All plans go in the Resource Sharing Plan attachment to the PHS 398 Research Plan form. They do not count toward the Research Strategy page limit.
To find out what to do, read the information below, which summarizes the main points from NIH Sharing Policies and Related Guidance on NIH-Funded Research Resources.
If you plan to create a new model organism, you need to submit a sharing plan.
First, review Model Organisms for Biomedical Research for a list of organisms that require a plan. Include a justification if you plan to develop one of these organisms but are not providing a plan. Add information to other sections of the application as appropriate.
For sample plans, go to Where can I find basic information on sharing model organisms?
For more information, see the following:
A data sharing plan is required only for applications requesting $500,000 or more in direct costs for any year unless otherwise specified in the funding opportunity announcement. You may request funds in your budget to prepare, document, and archive data.
Include a justification if you are requesting that amount and are not providing a plan. (You will also need NIAID's approval to submit an investigator-initiated application requesting that level of funding and document the approval in your cover letter. For details, see the Big Grants SOP.)
Your plan should state how you will share the final data set, without identifiers, through your institution no later than the time the main findings are accepted for publication. For a sample plan, go to our Sample Data Sharing Plan.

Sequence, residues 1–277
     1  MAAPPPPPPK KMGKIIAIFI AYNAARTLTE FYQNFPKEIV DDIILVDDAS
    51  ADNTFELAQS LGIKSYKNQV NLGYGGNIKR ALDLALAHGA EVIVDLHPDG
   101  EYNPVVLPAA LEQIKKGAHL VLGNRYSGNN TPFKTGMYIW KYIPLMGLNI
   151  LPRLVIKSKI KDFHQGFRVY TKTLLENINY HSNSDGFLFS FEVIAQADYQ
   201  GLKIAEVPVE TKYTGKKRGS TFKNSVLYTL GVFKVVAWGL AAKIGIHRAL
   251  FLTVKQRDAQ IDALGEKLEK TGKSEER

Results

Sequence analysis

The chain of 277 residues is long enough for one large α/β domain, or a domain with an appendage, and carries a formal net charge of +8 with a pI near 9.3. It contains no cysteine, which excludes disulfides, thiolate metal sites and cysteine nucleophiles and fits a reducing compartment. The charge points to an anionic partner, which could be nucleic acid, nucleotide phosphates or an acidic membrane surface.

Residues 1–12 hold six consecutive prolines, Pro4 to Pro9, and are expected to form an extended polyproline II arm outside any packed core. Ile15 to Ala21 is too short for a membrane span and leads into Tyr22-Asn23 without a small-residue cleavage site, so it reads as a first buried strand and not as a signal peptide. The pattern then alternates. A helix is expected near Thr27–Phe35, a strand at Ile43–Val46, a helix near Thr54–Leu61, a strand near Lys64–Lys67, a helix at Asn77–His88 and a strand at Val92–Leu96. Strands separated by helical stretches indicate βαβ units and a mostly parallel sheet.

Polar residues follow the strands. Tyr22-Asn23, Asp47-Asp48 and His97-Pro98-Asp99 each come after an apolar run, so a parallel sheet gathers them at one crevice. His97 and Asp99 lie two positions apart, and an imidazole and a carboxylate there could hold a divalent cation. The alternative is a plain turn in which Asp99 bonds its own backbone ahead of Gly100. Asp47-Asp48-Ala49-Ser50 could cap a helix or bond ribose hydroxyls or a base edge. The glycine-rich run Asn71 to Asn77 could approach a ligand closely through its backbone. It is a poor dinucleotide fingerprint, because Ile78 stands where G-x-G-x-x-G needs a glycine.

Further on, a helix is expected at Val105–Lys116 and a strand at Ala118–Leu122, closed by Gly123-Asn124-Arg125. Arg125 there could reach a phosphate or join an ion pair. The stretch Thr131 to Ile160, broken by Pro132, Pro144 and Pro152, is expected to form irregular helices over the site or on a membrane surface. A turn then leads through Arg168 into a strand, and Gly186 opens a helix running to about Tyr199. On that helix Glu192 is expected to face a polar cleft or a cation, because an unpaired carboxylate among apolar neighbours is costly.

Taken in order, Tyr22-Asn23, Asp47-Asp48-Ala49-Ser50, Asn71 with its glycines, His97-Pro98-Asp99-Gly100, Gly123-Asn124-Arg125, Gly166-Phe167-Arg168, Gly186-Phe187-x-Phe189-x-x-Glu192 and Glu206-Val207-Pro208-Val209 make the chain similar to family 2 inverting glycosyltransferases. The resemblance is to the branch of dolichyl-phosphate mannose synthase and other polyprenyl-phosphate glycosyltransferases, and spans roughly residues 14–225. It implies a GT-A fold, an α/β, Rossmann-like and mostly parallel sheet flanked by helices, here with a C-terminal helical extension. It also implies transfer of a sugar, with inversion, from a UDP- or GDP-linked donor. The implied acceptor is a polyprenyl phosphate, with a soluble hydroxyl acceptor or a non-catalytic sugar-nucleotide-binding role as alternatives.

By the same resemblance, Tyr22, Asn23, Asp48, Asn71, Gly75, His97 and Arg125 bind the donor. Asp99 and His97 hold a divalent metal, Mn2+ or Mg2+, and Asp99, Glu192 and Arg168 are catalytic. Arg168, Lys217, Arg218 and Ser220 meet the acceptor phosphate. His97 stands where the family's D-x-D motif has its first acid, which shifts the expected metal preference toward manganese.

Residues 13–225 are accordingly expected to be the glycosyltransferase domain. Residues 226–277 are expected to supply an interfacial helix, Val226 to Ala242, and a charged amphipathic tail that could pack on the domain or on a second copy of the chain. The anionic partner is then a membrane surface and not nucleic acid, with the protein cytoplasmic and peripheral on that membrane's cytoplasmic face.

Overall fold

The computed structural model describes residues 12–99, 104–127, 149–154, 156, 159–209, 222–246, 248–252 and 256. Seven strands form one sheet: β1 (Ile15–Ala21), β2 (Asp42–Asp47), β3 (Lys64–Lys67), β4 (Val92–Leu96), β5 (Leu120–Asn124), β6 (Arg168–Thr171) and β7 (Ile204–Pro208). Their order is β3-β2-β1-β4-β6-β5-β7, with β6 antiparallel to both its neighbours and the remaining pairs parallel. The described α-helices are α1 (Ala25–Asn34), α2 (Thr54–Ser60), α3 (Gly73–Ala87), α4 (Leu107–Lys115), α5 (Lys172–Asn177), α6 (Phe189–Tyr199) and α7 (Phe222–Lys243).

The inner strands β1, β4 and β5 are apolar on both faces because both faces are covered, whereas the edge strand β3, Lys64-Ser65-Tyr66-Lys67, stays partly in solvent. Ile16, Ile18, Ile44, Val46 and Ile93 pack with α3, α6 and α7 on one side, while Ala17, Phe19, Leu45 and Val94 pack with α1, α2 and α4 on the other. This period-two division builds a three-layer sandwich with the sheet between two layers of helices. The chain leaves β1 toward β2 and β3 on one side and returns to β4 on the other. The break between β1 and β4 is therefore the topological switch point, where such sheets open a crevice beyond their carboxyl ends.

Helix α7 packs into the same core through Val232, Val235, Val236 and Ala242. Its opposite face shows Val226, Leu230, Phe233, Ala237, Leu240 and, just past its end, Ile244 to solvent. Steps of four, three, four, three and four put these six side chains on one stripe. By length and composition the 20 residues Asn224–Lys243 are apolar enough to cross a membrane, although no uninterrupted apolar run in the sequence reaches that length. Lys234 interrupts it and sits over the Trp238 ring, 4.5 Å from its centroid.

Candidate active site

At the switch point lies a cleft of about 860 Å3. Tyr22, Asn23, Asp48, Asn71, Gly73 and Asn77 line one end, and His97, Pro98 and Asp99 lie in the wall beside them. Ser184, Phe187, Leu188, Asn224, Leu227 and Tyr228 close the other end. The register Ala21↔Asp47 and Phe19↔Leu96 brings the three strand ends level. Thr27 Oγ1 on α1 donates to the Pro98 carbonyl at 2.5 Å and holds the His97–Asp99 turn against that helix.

Add information to other sections of the application as appropriate. NIH's Data Sharing Policy and Implementation Guidance tells you how a data sharing plan may affect other parts of the application.
For more information, read the following:
Follow NIH's requirements whether you are proposing to conduct a genome-wide association study (GWAS) or simply planning to access the data in the NIH repository.
If you plan only to access GWAS data, you must state that in your cover letter. No plan is needed.
If you are proposing research NIH considers to be a GWAS, you'll need a plan, separate from your data sharing plan, for any award amount. You will also state in your cover letter that you are proposing to conduct GWAS research.
NIH defines a GWAS as a study that looks at variation across the human genome to identify genetic associations with observable traits (such as blood pressure or weight), or the presence or absence of a disease or condition.
Your GWAS data sharing plan will describe how you will send your data to the Database of Genotype and Phenotype (dbGaP) or explain why that is not possible. Your institutional review board must approve your plan.
NIH will check your application to make sure you included a plan and flag it for reviewers, who will assess the plan's adequacy.
For sample plans, see NIH's Guidance for Developing Data-sharing Plans for GWAS. For more information, see the following:
Enlist others to do that too—they can look at your application with a fresh eye. Include people who aren't familiar with your research to make sure you can get your point across to someone outside your field.
As you finalize the details of your Research Strategy, you will also need to return to your Specific Aims to see if you must revise.
For more advice, go to Inspect Your Application in Put the Finishing Touches on Your Application in Part 3.
Strategy for NIH Funding
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Part 3. Write Your Application
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We welcome your comments, questions, or suggestions. Email firstname.lastname@example.org.
Last Updated October 25, 2012
Last Reviewed December 01, 2011